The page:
Large phishing ring detected in China
By Kim Rahn
A massive voice phishing ring which included 51 Korean members, has been busted in China.
The Chinese Ministry of Public Security said Friday they apprehended 235 members of the voice phishing ring operating in five provinces including Liaoning, Jilin and Shandong.
The ring made more than 1,200 calls and raked in some 100 million yuan ($15 million), according to the ministry, which added they found lists of phone numbers and credit card details written in Korean.
The group hired people fluent in Korean, who called numbers in Korea at random. Pretending to be police officers or prosecutors, they claimed that the victims’ bank accounts had been used in crimes or for money laundering, asked for their bank information, and then took money from the accounts.
The victims were deceived because the numbers the callers used were identical to those of police agencies or prosecutors’ offices in Korea.
“As we are strengthening the investigation into voice phishing in China, such crime rings are moving their bases to Taiwan or Thailand,” a South Korean official said.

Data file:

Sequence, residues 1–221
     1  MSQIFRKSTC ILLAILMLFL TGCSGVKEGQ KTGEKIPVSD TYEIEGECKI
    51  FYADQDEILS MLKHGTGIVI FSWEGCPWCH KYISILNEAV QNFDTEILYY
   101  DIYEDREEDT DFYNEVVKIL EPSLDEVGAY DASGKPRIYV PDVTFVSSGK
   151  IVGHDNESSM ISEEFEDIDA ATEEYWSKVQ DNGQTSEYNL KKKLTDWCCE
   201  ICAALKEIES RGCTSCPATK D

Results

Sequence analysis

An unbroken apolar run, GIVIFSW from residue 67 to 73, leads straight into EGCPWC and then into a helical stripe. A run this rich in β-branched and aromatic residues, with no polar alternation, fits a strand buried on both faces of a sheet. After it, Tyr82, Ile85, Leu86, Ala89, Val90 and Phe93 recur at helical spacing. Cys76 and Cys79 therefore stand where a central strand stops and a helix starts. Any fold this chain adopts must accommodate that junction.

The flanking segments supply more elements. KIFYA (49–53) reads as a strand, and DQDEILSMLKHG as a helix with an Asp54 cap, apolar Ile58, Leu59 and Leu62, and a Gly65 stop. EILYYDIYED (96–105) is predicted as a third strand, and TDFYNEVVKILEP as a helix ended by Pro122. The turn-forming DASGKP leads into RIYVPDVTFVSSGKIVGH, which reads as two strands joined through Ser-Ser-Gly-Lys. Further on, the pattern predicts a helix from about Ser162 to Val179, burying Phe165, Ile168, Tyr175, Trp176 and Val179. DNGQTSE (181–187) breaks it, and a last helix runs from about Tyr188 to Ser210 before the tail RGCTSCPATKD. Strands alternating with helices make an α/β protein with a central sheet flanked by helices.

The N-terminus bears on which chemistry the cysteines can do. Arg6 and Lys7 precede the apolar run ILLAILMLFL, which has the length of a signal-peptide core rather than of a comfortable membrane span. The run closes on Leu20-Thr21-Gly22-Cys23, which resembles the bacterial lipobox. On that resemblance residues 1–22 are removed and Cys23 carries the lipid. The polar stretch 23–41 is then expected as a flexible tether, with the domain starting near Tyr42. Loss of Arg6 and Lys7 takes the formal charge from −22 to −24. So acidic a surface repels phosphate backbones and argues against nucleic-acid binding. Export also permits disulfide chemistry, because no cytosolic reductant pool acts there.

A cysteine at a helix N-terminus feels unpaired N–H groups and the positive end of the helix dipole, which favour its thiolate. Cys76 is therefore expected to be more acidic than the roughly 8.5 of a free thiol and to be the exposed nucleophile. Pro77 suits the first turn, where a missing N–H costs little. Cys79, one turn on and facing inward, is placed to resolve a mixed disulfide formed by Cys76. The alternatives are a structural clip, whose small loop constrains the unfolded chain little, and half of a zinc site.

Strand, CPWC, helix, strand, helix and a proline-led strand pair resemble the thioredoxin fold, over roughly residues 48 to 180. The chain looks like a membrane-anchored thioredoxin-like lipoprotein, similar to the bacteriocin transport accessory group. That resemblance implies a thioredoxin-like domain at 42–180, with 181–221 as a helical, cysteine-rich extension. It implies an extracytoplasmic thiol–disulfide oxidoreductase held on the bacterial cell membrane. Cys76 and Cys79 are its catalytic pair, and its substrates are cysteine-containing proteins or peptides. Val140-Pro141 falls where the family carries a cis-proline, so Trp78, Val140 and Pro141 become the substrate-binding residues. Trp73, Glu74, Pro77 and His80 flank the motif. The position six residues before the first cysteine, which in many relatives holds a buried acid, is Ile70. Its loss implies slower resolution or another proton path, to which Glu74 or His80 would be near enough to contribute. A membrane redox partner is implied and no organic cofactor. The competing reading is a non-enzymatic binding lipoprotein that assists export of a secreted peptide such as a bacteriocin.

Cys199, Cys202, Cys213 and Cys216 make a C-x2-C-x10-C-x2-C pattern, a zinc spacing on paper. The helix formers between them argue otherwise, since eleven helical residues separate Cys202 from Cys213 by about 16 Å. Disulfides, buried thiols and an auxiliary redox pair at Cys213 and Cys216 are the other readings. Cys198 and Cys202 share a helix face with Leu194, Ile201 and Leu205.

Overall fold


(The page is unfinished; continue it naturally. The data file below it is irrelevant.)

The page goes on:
As voice phishing from overseas is increasing, the government is planning new countermeasures.
The Korea Communications Commission seeks to make a database of phone numbers of the nation’s all public agencies such as the prosecution, police and post office, and automatically cut calls made from other countries with those numbers.
For every call made outside of Korea, it also plans to put a specific digit at the beginning of the caller’s number, so that people can easily distinguish whether the call is made in or outside of the country.
There were 8,244 voice phishing cases last year, up from 1,400 in 2006. Victims suffered from more than 100 billion won in losses, according to the Financial Supervisory Service.